Energy Generation in Wunsiedel: Decentralized, Autonomous, Sustainable

The hydrogen model region Fichtel Mountains demonstrates what green, independent, and secure energy supply could look like. The town of Wunsiedel with its population of about 10,000 benefits from virtually independent heat and power supply from solar, wind, and biomass energy. The concept is based on the idea of using the resources available on site for energy production and storage in order to establish autonomous energy supply for Wunsiedel on a long-term basis. Henceforth, the electrolysis plant in the energy park, which is currently running in test mode, is to produce green hydrogen for conversion into electricity whenever needed.

Optimum Utilization of All Resources for an Optimum Climate Footprint

The decentralized, autonomous, and climate-friendly Wunsiedel concept is regarded as a German pioneer project in the field of sustainable energy generation. Wunsiedel’s population of about 10,000 is supplied with heat and power from renewable energies. This is made possible by means of the Wunsiedel energy park. The energy park is based on the idea of making use of all available regional resources for sustainable energy generation. For example, the wood leftovers and sawdust that accumulate as waste from the neighboring sawmill are burned in a biomass heating plant in the energy park. In this way, water is heated, and the resulting steam drives a turbine that generates electricity. The exhaust heat from this process is used for heating and for drying the sawdust, from which wood pellets are produced. The pellets, in turn, can again be used for generating energy. The use of pellets thus ensures the security of supply even in colder seasons. In March 2019, the new pellet plant of WUN Pellets GmbH went live in Wunsiedel. The connected combined heat and power unit of the pellet plant is operated with three MWM TCG 2032B V16 gas engines, which ensure the decentralized energy supply with electrical and thermal energy. In recognition of its high energy efficiency and flexibility, “Energie & Management” magazine designated the cogeneration power plant as “Cogeneration Power Plant of the Month” of March 2019. Apart from energy from biomass, Wunsiedel produces wind energy and photovoltaic energy.

Long-Term Storage of Power Produced from Green Hydrogen

An intermediate storage technology is required in order to store the green power produced from wind, sunshine, and biomass for use on demand. The solution: green hydrogen. This kind of hydrogen is produced via electrolysis, which requires electrical energy. Where the electrical energy used for the electrolysis is produced from regenerative sources, the resulting carbon-neutral hydrogen is referred to as “green hydrogen”. The green hydrogen can be stored in surface storage facilities or be further processed and fed into the natural gas grid as gas. The electrolysis plant set up in the Wunsiedel energy park is one of Germany’s largest. If the photovoltaic and wind power plants in Wunsiedel feed too much power into the public grid, the 6-MW plant in the park will start producing hydrogen from the excess electricity. When the availability of wind and solar energy fluctuates, the stored hydrogen can be converted into electricity for the inhabitants of Wunsiedel. Currently, the electrolysis plant of the energy park is running in test mode. The plant is set to go live officially in the fall of this year. The projected green hydrogen production capacity of the Wunsiedel plant is up to 1,350 t/year.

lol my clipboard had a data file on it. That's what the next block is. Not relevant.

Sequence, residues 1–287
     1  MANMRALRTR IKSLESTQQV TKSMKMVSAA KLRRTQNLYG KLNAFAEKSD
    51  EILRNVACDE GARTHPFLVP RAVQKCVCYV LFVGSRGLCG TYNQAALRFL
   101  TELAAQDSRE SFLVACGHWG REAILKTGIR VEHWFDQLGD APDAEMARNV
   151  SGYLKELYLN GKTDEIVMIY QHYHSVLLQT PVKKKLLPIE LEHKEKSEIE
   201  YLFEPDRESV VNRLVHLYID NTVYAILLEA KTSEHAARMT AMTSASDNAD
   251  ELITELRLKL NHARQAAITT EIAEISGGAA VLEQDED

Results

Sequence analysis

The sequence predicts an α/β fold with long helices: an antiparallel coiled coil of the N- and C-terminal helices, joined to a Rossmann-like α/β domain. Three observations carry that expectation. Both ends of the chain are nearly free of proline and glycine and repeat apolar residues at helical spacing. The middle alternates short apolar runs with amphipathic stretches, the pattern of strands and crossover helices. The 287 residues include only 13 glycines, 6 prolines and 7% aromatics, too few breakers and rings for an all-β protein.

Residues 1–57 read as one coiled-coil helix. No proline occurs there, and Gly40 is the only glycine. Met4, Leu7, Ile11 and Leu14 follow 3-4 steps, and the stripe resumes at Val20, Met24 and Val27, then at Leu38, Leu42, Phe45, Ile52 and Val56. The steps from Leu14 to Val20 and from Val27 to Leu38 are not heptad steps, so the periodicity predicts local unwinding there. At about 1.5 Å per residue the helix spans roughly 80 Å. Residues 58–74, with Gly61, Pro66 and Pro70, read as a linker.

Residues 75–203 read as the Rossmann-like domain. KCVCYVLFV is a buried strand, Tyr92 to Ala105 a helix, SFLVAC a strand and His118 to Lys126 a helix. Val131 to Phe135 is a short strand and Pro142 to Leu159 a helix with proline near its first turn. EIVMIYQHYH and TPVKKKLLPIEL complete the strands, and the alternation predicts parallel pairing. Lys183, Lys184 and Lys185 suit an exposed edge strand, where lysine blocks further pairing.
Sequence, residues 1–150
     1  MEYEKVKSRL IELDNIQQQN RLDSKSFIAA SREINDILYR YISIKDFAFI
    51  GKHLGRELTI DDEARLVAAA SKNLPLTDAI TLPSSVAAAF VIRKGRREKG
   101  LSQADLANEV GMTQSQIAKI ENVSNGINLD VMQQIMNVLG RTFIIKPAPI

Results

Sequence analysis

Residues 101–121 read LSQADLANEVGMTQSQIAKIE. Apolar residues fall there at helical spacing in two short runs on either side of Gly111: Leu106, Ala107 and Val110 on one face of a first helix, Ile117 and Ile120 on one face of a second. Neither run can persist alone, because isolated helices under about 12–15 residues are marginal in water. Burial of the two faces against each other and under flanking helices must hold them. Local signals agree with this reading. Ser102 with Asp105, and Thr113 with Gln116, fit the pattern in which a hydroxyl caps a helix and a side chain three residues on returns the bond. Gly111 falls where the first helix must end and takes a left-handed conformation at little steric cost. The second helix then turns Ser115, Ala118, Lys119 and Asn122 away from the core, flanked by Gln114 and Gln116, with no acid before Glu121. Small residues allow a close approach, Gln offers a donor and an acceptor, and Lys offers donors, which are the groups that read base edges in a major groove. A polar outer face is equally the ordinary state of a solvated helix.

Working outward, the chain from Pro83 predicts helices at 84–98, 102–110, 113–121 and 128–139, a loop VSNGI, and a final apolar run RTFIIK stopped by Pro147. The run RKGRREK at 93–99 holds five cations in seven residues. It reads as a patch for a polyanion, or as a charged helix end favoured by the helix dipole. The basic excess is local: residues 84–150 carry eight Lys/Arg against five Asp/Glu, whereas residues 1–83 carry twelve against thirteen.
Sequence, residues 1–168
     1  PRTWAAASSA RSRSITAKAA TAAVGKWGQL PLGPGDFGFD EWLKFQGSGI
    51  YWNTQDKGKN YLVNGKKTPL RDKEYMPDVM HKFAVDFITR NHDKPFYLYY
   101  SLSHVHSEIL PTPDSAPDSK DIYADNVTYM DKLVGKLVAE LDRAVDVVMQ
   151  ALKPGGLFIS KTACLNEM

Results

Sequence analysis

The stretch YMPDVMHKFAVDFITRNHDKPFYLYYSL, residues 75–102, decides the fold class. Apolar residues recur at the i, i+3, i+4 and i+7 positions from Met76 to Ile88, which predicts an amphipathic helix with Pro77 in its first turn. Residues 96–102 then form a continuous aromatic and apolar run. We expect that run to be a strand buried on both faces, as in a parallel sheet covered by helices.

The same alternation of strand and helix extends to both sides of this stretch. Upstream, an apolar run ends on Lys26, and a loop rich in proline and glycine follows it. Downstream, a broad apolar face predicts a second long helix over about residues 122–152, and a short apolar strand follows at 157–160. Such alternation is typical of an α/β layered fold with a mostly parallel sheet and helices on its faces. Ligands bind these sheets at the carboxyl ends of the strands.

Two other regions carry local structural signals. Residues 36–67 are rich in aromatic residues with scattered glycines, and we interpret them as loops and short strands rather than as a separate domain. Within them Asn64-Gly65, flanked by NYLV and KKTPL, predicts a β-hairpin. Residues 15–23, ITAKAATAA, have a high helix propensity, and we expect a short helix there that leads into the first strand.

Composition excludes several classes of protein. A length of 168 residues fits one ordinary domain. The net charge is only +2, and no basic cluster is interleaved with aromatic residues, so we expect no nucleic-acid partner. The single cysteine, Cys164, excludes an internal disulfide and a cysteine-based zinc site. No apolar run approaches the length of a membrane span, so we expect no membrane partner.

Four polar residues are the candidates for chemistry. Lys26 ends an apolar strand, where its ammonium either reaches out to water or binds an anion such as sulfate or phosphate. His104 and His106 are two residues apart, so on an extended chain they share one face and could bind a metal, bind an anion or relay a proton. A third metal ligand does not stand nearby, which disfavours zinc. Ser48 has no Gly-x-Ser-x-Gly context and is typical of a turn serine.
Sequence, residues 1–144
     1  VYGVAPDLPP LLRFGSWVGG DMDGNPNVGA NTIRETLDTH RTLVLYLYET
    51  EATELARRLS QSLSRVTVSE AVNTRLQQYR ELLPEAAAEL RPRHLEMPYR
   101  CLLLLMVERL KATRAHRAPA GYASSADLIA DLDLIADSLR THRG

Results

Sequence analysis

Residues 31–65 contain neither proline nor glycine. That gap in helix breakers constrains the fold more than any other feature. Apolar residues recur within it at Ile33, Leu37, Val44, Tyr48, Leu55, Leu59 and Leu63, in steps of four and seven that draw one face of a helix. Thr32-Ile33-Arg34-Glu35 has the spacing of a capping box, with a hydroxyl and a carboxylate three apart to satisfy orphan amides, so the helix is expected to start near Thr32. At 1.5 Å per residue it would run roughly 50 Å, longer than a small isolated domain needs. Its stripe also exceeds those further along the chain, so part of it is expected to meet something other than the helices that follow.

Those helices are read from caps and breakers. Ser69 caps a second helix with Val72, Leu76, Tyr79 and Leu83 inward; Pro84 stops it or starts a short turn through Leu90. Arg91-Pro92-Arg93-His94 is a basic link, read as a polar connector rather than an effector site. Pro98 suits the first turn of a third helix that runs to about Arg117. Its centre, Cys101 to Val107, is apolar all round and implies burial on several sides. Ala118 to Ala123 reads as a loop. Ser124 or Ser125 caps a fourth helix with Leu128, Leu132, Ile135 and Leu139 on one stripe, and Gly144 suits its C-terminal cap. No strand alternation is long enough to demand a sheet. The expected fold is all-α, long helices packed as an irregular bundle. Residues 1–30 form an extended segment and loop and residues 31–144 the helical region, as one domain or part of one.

Green Hydrogen: Key Element of Sustainable Energy Transition

According to Wunsiedel’s municipal utilities provider, only 1,000 of the 4,000 households in the region still depend on gas. The expressed goal for the coming years is to achieve full independence from natural gas and to use 100 percent heat and power from regenerative energies. To produce greater amounts of hydrogen and meet the industrial demand, renewable energies need to be expanded significantly. The Wunsiedel project shows that apart from renewable energies such as sunshine, wind, and biomass, green hydrogen also plays a key role. Green hydrogen can be used wherever there is a high demand for energy that cannot be met with electricity stored in batteries. To be able to use hydrogen as an energy source in a sufficient quantity wherever needed, the government needs to invest in the production of hydrogen and address and push ahead the establishment of the infrastructure required for its transport and storage.

Photo: © PhotoGranary, Adobe Stock

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